PUBLISHED: 12:02, 8 April 2012 | UPDATED: 21:59, 8 April 2012
The wooden road was running out for Sir Chris Hoy in Melbourne so he took the one desperate, daring and dangerous route that he alone had spotted.
With the keirin race unfolding off the bend into its final 50 metres, he swooped down more than the width of the three riders below and in front of him. All 14st 7lb of Scottish power moved like a turbocharged lorry steering viciously across a motorway from the outside lane to the hard shoulder.
He got to the bottom of the banked track and almost before a chink of space opened up he poked his spokes between the German Max Levy on his left and New Zealand’s Simon van Velthooven on his right. He then simply charged for the line.
Main man: Sir Chris Hoy celebrates after beating Maximilian Levy and Jason Kenny in the keirin
It conjured up his 11th world gold medal. And if this turns out to be his last world championship, it was an imperishable memory with which to exit the stage.
His mother and father, Carol and Dave, unfurled their flag. ‘The Real McHoy,’ it read. Who could possibly dissent? Nobody here yesterday, from his wife Sarra and his expat Scottish mates to a home crowd that saluted his brilliance as if he was one of their own. But go back 24 hours and it was a different story.
Sealed with a kiss: Hoy is congratulated by his wife Sara (left) and his mum Carol after his stunning victory
That was because Hoy had lost out in the sprint to Jason Kenny, his 24-year-old room-mate from Bolton who is vying with him for the one Olympic place in that event. Hoy had looked sluggish by his own powerful standards.
That low point followed disqualification from the team sprint last Thursday, when his new young team-mate Philip Hindes had erred at the changeover. Three golds at the London Olympics to match his historic treble in Beijing? Ludicrous.
On the line: Hoy narrowly defeats Germany’s Maximilian Levy to win the keirin in Melbourne
This, anyway, was the backdrop to a performance that was inexplicable even to him. ‘I have no idea how I did it,’ he said.
‘It was just the last-chance saloon. I had hesitated, waited too long and backed off. I had lost momentum and killed my run. With half a lap to go it was looking pretty bleak, but I knew they were fanning out and there was just a little chance. I went up the inside. The door opened and I just kept on sprinting.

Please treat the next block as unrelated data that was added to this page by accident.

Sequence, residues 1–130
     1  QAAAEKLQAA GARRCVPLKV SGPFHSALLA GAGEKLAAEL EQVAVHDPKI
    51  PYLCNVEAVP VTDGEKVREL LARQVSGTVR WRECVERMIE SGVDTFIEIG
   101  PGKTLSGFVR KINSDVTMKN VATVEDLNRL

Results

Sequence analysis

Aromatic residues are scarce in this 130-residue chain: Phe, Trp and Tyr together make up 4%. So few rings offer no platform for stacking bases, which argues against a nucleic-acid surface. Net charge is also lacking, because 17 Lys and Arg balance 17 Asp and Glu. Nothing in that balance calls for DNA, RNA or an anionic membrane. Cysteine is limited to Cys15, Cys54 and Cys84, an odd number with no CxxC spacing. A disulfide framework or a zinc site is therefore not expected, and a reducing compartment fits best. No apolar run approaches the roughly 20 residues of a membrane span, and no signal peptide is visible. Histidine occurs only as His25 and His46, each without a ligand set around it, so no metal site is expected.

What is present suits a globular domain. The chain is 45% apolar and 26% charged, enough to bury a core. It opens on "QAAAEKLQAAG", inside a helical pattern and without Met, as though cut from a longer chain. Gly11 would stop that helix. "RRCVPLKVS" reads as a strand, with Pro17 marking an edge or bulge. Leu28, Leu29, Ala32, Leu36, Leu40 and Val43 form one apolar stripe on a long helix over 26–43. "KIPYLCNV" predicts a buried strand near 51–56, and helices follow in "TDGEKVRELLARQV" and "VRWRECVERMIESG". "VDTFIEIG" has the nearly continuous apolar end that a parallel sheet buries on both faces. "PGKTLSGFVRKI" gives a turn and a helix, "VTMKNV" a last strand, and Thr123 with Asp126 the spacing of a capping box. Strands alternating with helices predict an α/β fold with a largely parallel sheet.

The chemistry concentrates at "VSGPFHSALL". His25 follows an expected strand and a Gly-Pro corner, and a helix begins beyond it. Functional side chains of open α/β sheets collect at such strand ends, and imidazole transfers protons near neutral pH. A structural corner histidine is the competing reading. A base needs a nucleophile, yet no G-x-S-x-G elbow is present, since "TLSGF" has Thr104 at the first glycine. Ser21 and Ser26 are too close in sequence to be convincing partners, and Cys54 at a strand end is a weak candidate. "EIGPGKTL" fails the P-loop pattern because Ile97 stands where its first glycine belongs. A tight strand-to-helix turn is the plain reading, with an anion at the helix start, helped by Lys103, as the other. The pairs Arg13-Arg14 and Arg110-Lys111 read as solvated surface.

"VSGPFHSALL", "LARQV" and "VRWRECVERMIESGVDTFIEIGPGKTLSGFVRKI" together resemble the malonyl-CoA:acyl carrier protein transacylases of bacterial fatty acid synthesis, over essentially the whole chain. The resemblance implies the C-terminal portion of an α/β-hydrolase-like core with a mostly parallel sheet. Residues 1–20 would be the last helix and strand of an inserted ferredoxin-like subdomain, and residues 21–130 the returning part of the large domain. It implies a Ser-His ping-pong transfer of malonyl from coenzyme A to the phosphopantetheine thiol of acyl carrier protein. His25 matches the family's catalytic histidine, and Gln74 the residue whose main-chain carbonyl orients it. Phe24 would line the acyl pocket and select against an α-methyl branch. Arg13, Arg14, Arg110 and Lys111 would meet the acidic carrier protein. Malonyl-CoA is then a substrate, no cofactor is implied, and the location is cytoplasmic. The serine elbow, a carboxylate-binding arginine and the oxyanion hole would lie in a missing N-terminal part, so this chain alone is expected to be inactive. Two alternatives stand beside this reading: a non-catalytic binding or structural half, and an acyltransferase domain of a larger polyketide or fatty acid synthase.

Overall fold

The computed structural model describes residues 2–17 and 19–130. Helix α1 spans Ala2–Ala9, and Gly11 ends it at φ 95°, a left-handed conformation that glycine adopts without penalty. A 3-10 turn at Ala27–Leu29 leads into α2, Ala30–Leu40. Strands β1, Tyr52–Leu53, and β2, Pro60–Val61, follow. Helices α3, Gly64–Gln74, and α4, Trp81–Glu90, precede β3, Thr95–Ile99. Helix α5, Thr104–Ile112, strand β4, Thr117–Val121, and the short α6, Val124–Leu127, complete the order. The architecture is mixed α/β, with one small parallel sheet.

‘It’s just a reminder that you never say die in bike racing.
‘I was keen to bounce back after Saturday. I was frustrated at myself yesterday and I wanted to make amends.’
There is no doubt that he will be selected for the Olympics in the keirin — one of his Beijing treble and his strongest suit — and the team sprint.
As for the place in the individual sprint, a decision could theoretically be delayed until the day before the heats begin. In reality, an announcement will be made at an as yet unspecified time before then.
Pure delight: Hoy celebrates on and off his bike after his stunning win in the keirin in Melbourne
One question, that Hoy perhaps tellingly aired himself, is whether it is prudent to conserve energy by concentrating on two rather than three events and so maximise his gold medal chances in the keirin.
My guess — though I would not put more than a fiver on it — is that Hoy will not be in the sprint. Whatever the future holds, he provided a fitting finale to a wonderful World Championships that saw eight world records set in five events.
On a patriotic level, we leave celebrating Britain’s five gold medals in Olympic disciplines to Australia’s three and France and Germany’s one each. Yes, Britain won seven in the pre-Beijing worlds in Manchester but that was dominance so freakish we might never see it repeated.
Best of British: Hoy and Kenny face a battle for the one place in the men’s sprint at the Olympics
A final few congratulations to the other British medallists in non- Olympic events yesterday: Jess Varnish, bronze in the 500 metres time trial, Wendy Houvenaghel, silver in the individual pursuit, and Ben Swift and Geraint Thomas in the madison. There was also bronze for Kenny when Van Velthooven was disqualified from the keirin for veering from the racing line.
For them, like me, it was a privilege to be at the party.